Having seen the films, to say that I was intrigued about how Suzanne Collins had written the books. It was a trilogy I had been wanting to read for a while and now that I had finally been given the chance, I was not disappointed.
Katniss Everdeen is just an ordinary girl, fighting for survival in District 12 were food is scarce and money even scarcer. When her sister’s name is called for the annual Hunger Games, Katniss steps forward to take her place. Within hours, she is whisked away to the Capitol where she is presented to the world as the girl on fire, along with her fellow tribute Peeta. After that, it is just a matter of days in which they are trained in order to have a hope at staying alive within the games themselves where there can only be one victor from the 24 tributes.
Once in the arena, Katniss must fight to keep herself alive while having her emotions confused and manipulated through an unexpected declaration of love from Peeta just before the games began. Her survival depends on whether or not she can convince others that she loves him in return, all the way through to the finale.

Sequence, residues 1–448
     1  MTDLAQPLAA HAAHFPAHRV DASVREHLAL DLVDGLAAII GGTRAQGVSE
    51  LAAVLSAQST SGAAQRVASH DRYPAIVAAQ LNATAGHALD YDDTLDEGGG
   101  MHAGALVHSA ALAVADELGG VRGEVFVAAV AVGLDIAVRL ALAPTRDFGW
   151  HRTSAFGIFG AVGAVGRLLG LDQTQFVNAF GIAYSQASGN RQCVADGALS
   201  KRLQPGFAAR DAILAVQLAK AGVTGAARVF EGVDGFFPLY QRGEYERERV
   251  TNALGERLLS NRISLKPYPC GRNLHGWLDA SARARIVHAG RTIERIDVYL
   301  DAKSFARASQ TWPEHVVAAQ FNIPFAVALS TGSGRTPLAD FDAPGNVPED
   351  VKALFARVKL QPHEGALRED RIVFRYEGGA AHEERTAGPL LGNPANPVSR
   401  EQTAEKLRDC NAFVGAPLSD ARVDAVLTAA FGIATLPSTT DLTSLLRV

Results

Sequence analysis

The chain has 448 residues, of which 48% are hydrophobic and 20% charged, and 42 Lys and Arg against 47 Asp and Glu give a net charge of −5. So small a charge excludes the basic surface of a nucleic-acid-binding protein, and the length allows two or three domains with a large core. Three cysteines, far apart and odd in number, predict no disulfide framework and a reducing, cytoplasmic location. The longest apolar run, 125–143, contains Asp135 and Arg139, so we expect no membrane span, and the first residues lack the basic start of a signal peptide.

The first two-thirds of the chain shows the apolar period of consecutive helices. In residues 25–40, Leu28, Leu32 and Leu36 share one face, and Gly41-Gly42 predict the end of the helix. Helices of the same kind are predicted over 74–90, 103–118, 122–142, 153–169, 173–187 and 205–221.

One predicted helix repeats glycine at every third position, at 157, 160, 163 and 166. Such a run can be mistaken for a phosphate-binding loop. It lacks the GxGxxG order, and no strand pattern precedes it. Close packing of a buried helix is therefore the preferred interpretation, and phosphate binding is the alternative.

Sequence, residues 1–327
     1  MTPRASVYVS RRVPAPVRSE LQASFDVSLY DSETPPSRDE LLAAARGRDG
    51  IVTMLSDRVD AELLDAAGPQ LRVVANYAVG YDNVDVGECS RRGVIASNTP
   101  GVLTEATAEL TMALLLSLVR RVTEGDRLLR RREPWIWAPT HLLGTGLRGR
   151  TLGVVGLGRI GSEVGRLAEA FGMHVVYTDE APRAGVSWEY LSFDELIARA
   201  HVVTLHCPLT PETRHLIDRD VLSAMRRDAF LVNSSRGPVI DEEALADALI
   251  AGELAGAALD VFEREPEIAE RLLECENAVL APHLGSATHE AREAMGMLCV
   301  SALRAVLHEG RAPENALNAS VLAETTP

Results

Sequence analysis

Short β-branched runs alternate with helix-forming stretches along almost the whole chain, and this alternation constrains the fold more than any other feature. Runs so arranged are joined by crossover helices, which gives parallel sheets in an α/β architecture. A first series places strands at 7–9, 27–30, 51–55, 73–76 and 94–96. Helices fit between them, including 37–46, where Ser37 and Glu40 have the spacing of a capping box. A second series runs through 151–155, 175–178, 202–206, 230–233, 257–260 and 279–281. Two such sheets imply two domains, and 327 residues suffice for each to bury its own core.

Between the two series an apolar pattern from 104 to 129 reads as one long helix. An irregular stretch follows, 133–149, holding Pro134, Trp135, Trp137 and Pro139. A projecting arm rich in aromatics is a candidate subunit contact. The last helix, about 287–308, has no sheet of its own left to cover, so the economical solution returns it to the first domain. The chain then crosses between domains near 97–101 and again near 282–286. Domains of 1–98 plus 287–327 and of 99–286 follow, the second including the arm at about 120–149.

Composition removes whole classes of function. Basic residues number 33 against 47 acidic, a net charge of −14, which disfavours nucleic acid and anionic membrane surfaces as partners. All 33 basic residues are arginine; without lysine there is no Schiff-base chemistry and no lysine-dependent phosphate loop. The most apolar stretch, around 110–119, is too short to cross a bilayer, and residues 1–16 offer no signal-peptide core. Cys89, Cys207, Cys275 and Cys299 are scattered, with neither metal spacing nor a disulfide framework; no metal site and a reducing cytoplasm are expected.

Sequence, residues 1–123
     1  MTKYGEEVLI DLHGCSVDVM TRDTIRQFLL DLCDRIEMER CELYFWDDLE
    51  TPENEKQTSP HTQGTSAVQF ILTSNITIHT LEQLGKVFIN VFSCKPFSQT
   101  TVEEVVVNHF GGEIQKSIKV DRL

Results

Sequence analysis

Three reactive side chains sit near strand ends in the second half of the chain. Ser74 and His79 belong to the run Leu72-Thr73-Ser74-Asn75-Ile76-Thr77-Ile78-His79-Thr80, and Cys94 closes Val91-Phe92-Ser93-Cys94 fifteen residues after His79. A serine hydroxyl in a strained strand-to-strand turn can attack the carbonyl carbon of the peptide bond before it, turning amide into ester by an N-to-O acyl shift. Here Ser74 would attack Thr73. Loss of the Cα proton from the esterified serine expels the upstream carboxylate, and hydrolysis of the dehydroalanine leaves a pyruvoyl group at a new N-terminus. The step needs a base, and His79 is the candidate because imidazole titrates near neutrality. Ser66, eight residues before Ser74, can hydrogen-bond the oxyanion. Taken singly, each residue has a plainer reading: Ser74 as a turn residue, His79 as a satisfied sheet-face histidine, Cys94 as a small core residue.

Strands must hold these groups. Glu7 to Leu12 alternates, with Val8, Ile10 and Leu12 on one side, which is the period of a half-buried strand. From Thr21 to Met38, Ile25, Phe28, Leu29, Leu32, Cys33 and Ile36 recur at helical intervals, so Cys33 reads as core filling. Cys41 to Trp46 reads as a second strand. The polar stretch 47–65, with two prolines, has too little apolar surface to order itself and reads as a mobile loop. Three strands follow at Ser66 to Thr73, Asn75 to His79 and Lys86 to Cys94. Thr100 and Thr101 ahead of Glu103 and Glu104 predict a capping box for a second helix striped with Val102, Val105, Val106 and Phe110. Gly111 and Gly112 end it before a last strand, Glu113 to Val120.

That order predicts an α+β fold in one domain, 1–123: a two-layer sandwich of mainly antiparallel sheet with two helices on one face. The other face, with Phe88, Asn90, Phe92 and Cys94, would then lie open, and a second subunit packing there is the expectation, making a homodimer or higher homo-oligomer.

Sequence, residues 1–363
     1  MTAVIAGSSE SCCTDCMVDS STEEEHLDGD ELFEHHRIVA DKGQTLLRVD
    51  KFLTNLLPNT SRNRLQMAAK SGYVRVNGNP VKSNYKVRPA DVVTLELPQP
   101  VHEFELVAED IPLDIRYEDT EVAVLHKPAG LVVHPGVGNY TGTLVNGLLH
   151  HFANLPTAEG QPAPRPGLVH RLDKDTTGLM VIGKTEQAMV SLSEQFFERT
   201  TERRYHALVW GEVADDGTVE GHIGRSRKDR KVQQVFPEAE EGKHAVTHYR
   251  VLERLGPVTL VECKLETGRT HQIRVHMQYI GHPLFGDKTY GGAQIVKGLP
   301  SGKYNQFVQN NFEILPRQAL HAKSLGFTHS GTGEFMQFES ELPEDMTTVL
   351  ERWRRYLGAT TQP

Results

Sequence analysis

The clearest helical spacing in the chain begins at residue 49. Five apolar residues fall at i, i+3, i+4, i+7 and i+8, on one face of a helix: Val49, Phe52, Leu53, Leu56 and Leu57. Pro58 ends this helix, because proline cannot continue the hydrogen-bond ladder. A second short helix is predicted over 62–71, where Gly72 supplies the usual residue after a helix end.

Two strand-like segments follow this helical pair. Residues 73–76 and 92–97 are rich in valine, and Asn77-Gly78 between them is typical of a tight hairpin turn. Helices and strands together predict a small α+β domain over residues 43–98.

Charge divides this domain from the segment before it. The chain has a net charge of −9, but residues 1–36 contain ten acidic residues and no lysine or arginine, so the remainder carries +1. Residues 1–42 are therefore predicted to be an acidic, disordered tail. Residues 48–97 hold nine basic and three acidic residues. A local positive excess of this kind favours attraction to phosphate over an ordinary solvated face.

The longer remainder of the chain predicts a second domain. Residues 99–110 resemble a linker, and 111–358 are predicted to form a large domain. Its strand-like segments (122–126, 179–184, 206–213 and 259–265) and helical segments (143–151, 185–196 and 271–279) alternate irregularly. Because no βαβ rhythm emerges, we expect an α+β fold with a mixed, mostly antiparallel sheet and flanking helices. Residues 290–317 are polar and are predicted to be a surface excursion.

What surprised me about the book is the fact that it is written in first person. Having seen the films I knew the intensity of the emotions and the brutality of some of the storyline, so to be able to carry that off in a first person narration shows Collins’s skill, for carry it off she does. The book moves at a fairly clipped pace, but it must do so in order to not become stagnant, especially as only getting things from Katniss’s point of view means there is no time spent to show what is going on elsewhere as that would break the narration.
Collins presents the characters in likeable and realistic ways. Katniss feels pain and fear and that is portrayed through her actions and reactions to things. There would have been no other way to do it for anything internal risked her character becoming unlikeable if she just focused on how unlucky she was to be where she is. Yet at the same time there is nothing arrogant about her or presuming that she will win. In fact, the way the book is written means you feel the whole way through she could be killed and the narration would still work.
Having wanted to read them for an age, it was refreshing to find the book did not disappoint. It was engaging and gripping even with knowing the final result and had already led to me wanting to carry on reading them despite knowing where the storyline is going to go. Collins has an interesting use of narrative and characters who are not afraid to show their flaws. It only ends up making you love them even more, a trait that is not easy to carry off when everything is being told from one person’s perspective.